Folks flock to England-India Test

NORMAN DA COSTA, Special to QMI Agency

, Last Updated: 1:32 AM ET

One usually thinks of rock fans lining up all night to grab the best seats. Never thought cricket fans and, I mean Test enthusiasts, would ever do that. The fervour surrounding the four-match series against India has apparently hit unprecedented heights with Test devotees in England lining up as early as 2 a.m. for tickets. The scramble for ducats is being compared to the hysteria that engrossed England in 2005 when it stunned the Aussies to claim the Ashes.

What has gripped the imagination of the nation this time around is that England has the opportunity of unseating India as the world’s No. 1 Test team following its one-sided 196-run win at Lord’s last week in the first match. Tickets for the five-day matches range from $50 to $150 a day.

Kevin Pietersen, who slammed a double century at Lord’s, said there is a big difference between playing Australia and India.

“There’s a genuine hatred between the English and the Australians so that feel for us in the dressing room in terms of the cricket being played is totally different to playing an Ashes series.

“But India are a fantastic team so it’s going to be a tough series and with the public interest in one way it’s going to be pretty much similar (to 2005) I suppose.”

The packed gallery at Nottingham’s Trent Bridge had lots to cheer on the second day of the second Test Saturday as England roared back into the game, thanks to Stuart Broad who became the 12th English bowler to take a hat trick. The seamer took the wickets of Mahendra Singh Dhoni, Harbhajan Singh and Praveen Kumar as India crashed from 267 for four to 288 all out to give India a slim 67-run lead. Broad, who finished with six wickets for 46 runs, also topped England’s batting with 64.

While all eyes were on India’s Sachin Tendulkar as he hunts for his 100th century, it was his teammate Rahul Dravid who stole the limelight yet again. The Wall, as Dravid is known, crafted a brilliant 117, his second century in two matches, and he thrilled the fans with his breath-taking square drives. Dravid received good support from VVS Laxman (54) and Yuvraj Singh (62) before the tail collapsed.

Dhoni bat a hit

The bat that launched a thunderous six and sent a country of two billion into frenzy has been auctioned for $160,500 US in London. We are talking about Mahendra Singh Dhoni’s prized willow that he used to lead India to the World Cup in April. The auction was to raise funds for Dhoni’s wife’s charitable organization — Sakshi Foundation — that works with under-privileged children in India. The bat was bought by RK Global, an Indian investment group. Dhoni scored an unbeaten 91 and sealed the title with a six off Sri Lankan seamer Nuwan Kulasekara.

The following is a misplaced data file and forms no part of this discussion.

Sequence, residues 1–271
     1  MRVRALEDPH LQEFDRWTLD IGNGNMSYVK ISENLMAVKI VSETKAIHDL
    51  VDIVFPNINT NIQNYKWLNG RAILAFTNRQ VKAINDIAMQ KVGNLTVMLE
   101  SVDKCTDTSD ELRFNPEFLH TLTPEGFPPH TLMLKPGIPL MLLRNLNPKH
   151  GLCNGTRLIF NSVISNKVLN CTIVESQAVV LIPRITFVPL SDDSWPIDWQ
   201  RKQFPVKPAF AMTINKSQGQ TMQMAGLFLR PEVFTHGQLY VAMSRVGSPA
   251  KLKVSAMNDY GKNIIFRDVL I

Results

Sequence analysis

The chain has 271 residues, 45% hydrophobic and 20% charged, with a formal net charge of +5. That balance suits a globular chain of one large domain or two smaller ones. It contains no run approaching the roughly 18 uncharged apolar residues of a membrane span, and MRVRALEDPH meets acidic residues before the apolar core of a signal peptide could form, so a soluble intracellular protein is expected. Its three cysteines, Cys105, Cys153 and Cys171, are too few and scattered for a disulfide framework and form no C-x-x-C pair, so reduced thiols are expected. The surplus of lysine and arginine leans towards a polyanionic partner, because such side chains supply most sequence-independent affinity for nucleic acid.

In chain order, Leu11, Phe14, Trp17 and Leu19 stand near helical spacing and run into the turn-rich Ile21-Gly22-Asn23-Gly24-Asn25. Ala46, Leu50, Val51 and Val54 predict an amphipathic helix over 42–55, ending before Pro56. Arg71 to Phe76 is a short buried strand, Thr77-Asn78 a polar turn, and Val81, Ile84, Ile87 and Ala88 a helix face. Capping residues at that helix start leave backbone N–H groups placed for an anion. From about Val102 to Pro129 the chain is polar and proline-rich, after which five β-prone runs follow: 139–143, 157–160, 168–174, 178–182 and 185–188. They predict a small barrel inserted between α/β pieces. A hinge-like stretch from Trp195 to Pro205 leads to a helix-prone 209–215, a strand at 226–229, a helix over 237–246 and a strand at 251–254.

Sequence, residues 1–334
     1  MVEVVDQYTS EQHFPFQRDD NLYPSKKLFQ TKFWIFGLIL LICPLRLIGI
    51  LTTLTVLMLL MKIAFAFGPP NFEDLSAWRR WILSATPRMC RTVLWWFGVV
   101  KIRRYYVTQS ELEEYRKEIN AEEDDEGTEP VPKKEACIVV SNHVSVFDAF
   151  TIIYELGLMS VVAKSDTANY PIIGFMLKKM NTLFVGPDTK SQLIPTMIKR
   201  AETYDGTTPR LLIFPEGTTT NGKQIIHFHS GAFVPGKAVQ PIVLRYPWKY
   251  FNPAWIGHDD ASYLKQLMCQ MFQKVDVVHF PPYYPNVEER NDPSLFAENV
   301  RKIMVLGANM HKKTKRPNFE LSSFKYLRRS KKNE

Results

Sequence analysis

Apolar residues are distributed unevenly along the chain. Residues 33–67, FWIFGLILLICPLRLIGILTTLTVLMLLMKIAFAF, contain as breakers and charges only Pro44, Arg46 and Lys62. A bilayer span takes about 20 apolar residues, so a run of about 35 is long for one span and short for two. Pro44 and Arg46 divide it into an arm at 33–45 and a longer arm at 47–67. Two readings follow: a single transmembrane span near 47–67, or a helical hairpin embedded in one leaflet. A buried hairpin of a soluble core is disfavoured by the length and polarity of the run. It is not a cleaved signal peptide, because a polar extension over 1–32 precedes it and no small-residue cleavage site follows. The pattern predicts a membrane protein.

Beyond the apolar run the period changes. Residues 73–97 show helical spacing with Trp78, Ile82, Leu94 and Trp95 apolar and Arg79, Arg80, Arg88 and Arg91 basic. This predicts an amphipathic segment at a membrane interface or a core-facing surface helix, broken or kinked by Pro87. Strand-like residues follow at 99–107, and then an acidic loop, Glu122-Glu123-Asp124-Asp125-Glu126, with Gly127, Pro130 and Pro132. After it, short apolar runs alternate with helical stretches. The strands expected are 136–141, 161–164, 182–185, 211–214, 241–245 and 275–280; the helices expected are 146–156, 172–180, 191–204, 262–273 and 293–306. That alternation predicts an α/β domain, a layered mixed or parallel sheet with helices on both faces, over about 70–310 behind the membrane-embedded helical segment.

Monty under fire

England has no desire to allow Tendulkar to give it the Full Monty. England coach Andy Flower called spinner Monty Panesar, who was not picked for the series against India, “naive” after he was spotted bowling to Tendulkar in the nets at Lord’s last week. “He did bowl to him in the nets before Lord’s and I think that it is quite a naive thing to do,’’ Flower said. Panesar, who has played 39 Tests for England, said he was doing it to improve himself against “a wonderful batsman and person.” Hope Monty picked up a few tips.

Youthful Aussie lineup

A year ago, Nathan Lyon was a groundsman at Canberra. Next month, the 23-year-old off-spinner will be suiting up for Australia during the three-Test series in Sri Lanka. He is one of four uncapped players in the 15-man squad and the media has taken the selection committee to task because it feels he is not ready for Test cricket. Lyon’s selection came out of left field, as he was picked ahead of the experienced duo of Jason Krejza and Steve Smith. The others in line for their first caps are batsman Shaun Marsh and pacemen Trent Copeland and James Pattinson. Also omitted from the team to be led by new captain Michael Clarke are veteran seamers Ben Hilfenhaus and Doug Bollinger. Former skipper Ricky Ponting has retained his place. . . . New Zealander Michael Hesson, widely regarded as one of the finest young coaches, is Kenya’s new coach. The 36-year-old faces an uphill task, taking over a team that’s in turmoil after four of its senior players were fired.

Hansra takes charge

Jimmy Hansra, fresh from leading Canada to victory in the ICC America’s T20 Championship last week, takes over from Ashish Bagai as captain of the national team. His first assignment will be against visiting Afghanistan and Trinidad and Tobago in Toronto in August. Canada’s experimental squad in the T20 tournament in Miami finished with a 5-0 record by drubbing Suriname by 77 runs in its final match. Canada piled on 138 for four with Khushroo Wadia slamming 75 not out. Satsmaranjit Dhindsa captured two for eight runs to restrict Suriname to 77 for seven ... Nitish Kumar took his bat to the Scots in the Under-19 World Cup qualification tournament in Dublin Friday. His 100 and Rayyan Pathan’s unbeaten 42 off 24 balls carried Canada to 212. It was then the turn of Jobanjot Sidhu (four for 39) to restrict Scotland to 206 ... Pandit Basdeo Maharaj, former president of the Maple Leaf Cricket Club and a familiar face in local cricketing circles, passed away last week. International umpire Clyde Duncan, 57, who was undergoing treatment for cancer, has died in Trinidad and Tobago at the age of 57 ... My column on the All-time Dream Test XI last Sunday created quite a stir and, as I expected, most were stunned that West Indies great Garfield Sobers was omitted.


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